Great summary as usual. As a veteran of B2B start up selling only other perspective i would add re the ROI model is: Selling by its very nature is an emotional process for the buyer as much as it is a rational one. More often than not, the ROI model is there to reinforce – and to help sell it internally – a decision a prospect has already made in their own minds (even though they may not tell you so). Nearly every peddler that walks through the door of ‘big company X’ today has some sort of ROI story. Increasingly – say over the last 15-20 years – I see the ROI as not being the ‘reason’ the customer buys but is of course hugely important.

  • msuster

    agreed. thanks.

  • msuster

    get prospect to agree ROI. If they do, try to turn them into a “champion” to help you advocate for budget and a project. Covered in my next post.

  • msuster

    hyper growth … I agree. Which is why it’s rare

  • msuster

    I prefer to have business person buy into ROI and use it to advocate with budget holders

  • JordanPE

    I absolutely agree. You cannot forget the emotional/psychological aspect of the ROI story. How is the “prospect” affected by this potential project and what motivates them. How can you inspire them to make a change? We’ll see what Mark has to say about making someone your champion…becuz this is essentially converting someone into an evangelist and they need to be on board with more than just the ROI story.

  • JordanPE

    Look forward to it :)

  • Philip Sugar

    Agreed that is the classic and I add:

    ROI Selling by Nick and Koenig
    You can’t teach a kid to ride a bike at a seminar by Sandler and Hayes
    Solution Selling by Bosworth
    Power Base Selling by Holden

  • William Mougayar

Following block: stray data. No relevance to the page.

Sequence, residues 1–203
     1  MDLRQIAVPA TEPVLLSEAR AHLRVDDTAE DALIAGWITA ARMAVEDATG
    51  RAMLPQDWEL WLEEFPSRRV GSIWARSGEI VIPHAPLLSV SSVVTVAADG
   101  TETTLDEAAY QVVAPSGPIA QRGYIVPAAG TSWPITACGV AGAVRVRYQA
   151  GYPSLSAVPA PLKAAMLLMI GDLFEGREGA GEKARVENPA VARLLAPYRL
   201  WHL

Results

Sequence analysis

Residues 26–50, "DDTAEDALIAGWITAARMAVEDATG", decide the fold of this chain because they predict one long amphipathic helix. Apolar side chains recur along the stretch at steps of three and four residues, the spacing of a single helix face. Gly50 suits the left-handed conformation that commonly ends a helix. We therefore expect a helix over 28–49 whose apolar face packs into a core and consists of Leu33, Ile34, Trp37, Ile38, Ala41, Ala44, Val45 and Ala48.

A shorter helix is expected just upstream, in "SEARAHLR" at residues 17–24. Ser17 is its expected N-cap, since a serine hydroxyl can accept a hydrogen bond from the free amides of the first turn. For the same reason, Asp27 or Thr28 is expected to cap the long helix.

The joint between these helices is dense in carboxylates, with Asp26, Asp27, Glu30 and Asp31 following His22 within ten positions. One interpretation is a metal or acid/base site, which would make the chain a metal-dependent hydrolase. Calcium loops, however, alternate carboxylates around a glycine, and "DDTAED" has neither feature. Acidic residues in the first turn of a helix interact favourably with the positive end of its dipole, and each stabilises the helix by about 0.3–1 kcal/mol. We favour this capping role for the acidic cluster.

Yes. I was going to mention Power Base Selling but it focuses more on navigating the various influencers and is a bit more advanced reading & for large accounts. I have like 3 copies of that book because that was a key training when I was at HP. I even have his tapes and managers’ field book.

    Then you might as well add Consultative Selling by Mack Hanan, oriented on the ROI, profit improvements and cost reductions. I spent a day with Mack, RIP. He’s the real McCoy of selling.

  • Joe Mallia

    Great Post! Another book I like is Customer Centric Selling by Bosworth.

    Mark or anyone else- would you have any advice on reading material when selling through distribution partners like VARS. I recently relocated to a part of the country where our company has had limited success in gaining traction-in large part this is due to how buyers tend to buy in this particular region where almost 90% of sales are made through VARS. We’ve generally always sold direct. Generating demand at the user level is key with good use of USP’s but being “politically” correct when dealing with distribution partners has been challenging and will be crucial for my success in this particular area. Any feedback is welcome. Thanks